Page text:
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By-the-Way -- Patrick MacGill

(Poem #186) By-the-Way
  These be the little verses, rough and uncultured, which
  I've written in hut and model, deep in the dirty ditch,
  On the upturned hod by the palace made for the idle rich.

  Out on the happy highway, or lines where the engines go,
  Which fact you may hardly credit, still for your doubts 'tis so,
  For I am the person who wrote them, and surely to God, I know!

  Wrote them beside the hot-plate, or under the chilling skies,
  Some of them true as death is, some of them merely lies,
  Some of them very foolish, some of them otherwise.

  Little sorrows and hopings, little and rugged rhymes,
  Some of them maybe distasteful to the moral men of our times,
  Some of them marked against me in the Book of the Many Crimes.

  These, the Songs of a Navvy, bearing the taint of the brute,
  Unasked, uncouth, unworthy out to the world I put,
  Stamped with the brand of labor, the heel of a navvy's boot.
-- Patrick MacGill
A recurring theme in poetry is the 'voice of the common man'; poetry
purportedly written by the uneducated, the poor man, the rough, uncultured
worker. And the attraction of such poetry is undoubtedly that it cuts
straight to the heart of the matter, eschewing the 'poetic' trappings that
many do feel get in the way of the 'real poetry'[1].

Of course this is untrue, and it is likewise the reason that most of the
oeuvre is simply bad verse disguised as rough verse. The good poems fall
into two categories - poetry actually written by the rough, uncultured man,
which may by its sheer unaffectedness[2] contain the rare gem, or poetry
written by good poets, with careful attention paid to every word in an
attempt to reproduce the rhythms of semieducated speech and avoid them
jarring against the more stylized rhythms of verse.

There have been many excellent examples of the latter - Kipling comes to
mind, as does Frost. Today's poem, while I wouldn't call it brilliant, does
a pretty good job - it doesn't quite capture the 'common-man' effect, but
it is a nice poem in its own right. Of course, it then remains debatable
whether it failed in sounding 'rough and uncultured', or it succeeded in
that we would 'hardly credit' the fact. On the whole, I'd call it a good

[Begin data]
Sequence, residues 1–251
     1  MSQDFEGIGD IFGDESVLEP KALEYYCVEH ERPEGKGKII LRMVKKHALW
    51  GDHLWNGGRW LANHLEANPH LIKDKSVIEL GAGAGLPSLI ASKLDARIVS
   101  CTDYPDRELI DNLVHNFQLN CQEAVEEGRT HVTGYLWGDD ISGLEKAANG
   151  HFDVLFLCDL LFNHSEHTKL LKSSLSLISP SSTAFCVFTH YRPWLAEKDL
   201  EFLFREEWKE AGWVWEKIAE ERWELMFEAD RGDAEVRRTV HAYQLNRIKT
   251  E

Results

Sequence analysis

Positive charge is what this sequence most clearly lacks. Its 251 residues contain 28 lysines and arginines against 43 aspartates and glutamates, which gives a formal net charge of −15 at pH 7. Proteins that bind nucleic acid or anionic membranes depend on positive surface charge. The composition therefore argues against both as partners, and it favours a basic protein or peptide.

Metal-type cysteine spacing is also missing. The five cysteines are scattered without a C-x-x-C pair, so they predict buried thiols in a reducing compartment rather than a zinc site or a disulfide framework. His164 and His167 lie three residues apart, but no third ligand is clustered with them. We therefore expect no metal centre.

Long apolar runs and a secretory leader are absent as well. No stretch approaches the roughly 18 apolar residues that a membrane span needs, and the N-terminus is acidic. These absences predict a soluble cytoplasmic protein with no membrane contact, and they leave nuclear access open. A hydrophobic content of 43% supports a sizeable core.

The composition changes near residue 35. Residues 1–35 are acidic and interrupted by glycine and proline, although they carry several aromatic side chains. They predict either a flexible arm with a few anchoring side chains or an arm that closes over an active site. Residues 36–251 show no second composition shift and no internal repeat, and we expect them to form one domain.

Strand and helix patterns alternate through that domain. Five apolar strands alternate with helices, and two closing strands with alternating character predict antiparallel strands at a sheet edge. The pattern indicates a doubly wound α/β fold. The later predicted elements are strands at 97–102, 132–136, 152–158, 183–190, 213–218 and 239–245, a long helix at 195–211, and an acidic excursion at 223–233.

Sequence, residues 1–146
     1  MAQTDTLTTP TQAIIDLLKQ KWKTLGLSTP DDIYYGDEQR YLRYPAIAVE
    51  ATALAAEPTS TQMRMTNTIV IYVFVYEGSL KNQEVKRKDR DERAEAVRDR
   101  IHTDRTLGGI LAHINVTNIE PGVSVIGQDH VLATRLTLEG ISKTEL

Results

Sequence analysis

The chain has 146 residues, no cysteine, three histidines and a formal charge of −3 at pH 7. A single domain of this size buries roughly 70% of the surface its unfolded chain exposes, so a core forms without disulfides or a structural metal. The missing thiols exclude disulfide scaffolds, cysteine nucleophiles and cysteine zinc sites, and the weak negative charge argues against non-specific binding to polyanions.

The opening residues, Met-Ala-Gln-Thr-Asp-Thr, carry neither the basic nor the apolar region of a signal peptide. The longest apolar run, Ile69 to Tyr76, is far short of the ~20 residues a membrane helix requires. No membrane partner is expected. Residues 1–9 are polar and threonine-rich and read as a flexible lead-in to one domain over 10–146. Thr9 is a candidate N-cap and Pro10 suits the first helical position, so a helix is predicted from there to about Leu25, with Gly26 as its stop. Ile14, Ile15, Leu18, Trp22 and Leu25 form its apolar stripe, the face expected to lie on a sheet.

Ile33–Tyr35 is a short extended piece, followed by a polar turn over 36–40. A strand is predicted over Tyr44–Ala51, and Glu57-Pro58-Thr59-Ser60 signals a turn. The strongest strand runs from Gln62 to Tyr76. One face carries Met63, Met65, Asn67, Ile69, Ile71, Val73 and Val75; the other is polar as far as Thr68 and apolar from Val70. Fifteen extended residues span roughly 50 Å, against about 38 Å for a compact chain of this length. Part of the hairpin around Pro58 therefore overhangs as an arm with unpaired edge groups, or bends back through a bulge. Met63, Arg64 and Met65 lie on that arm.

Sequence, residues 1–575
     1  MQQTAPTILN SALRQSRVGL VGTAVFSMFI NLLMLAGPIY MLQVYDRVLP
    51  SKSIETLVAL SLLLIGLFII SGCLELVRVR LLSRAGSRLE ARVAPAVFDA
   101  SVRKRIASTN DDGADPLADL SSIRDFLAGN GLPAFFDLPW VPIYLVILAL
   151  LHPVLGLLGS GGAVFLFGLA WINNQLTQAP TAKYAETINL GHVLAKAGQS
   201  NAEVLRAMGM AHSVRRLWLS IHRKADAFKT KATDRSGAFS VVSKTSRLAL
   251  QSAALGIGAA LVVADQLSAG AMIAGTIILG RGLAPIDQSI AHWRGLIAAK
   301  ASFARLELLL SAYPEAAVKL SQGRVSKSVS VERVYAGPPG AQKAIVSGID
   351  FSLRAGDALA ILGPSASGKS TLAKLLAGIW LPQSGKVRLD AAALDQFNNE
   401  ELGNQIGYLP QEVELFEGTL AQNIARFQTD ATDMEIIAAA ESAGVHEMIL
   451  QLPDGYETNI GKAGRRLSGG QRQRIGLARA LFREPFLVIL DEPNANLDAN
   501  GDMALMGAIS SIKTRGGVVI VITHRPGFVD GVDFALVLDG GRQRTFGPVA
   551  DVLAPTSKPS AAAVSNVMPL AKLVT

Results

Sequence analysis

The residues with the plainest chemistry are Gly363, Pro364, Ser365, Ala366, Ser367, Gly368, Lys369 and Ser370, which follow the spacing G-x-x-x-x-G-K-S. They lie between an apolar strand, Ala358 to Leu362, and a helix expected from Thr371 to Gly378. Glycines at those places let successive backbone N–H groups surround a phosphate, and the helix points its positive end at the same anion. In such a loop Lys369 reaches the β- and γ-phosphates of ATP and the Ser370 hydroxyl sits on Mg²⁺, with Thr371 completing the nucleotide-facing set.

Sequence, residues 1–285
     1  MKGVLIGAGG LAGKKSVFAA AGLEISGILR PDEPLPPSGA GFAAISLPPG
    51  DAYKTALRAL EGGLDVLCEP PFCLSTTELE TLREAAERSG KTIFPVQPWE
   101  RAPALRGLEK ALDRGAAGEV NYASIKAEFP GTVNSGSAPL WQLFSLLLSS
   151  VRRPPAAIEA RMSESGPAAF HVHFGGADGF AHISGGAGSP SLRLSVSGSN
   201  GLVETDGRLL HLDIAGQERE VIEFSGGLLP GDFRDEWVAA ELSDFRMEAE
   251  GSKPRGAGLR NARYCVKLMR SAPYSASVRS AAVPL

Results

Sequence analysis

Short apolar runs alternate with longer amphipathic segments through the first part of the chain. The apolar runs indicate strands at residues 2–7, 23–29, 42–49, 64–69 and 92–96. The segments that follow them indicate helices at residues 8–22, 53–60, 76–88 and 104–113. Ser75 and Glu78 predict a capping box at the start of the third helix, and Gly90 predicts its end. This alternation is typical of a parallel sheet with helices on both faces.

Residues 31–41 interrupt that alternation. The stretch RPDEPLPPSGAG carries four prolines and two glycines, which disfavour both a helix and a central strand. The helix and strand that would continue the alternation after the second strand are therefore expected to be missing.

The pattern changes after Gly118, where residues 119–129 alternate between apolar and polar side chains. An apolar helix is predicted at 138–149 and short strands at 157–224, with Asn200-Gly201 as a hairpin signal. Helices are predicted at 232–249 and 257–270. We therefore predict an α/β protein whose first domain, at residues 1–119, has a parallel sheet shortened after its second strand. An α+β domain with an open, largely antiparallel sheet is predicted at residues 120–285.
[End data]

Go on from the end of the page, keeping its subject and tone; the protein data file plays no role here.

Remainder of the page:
poem, and leave it at that.

[1] it is to this that I attribute the growing popularity of free verse -
    the feeling that any attention whatsoever to form stifles and compromises
    content. Needless to say, I disagree.
[2] and you need to be _very_ good to simulate this

Biographical Note:

  Patrick MacGill was born in Donegal in 1890. He was the son of poverty-
  -stricken peasants and, between the ages of 12 and 19, he worked as farm-
  -servant, drainer, potato-digger, and navvy, becoming one of the thousands
  of stray "tramp-laborers" who cross each summer from Ireland to Scotland
  to help gather in the crops. Out of his bitter experiences and the evils
  of modern industrial life, he wrote several vivid novels (The Rat Pit is
  an unforgettable document) and the tragedy-crammed Songs of the Dead End.
  He joined the editorial staff of The Daily Express in 1911; was in the
  British army during the war; was wounded at Loos in 1915; and wrote his
  Soldier Songs during the conflict.

        -- Louis Untermeyer

  The Great Push:
  <[broken link]>

  Soldier Songs:
  <[broken link]>


28 comments: ( or Leave a comment )

Sunil Iyengar said...

Could it be that this poem, beginning "These be the verses," provided
Philip Larkin with the title for his famous poem, "This Be the Verse"?

Martin DeMello said...

Also spracht Sunil Iyengar...
> Could it be that this poem, beginning "These be the verses," provided
> Philip Larkin with the title for his famous poem, "This Be the Verse"?

Nope, that was from Stevenson's 'Requiem':
This be the verse you grave for me;
"Here he lies where he longed to be,
Home is the sailor, home from sea,
And the hunter home from the hill."


Smartart said...

In the second line, is "model" correct? It looks as if it should be "hovel" unless model has some obscure meaning. I suppose it might be irony
as in "model dwelling" - but somehow I doubt it. "Hut and hovel" make a nice couplet.


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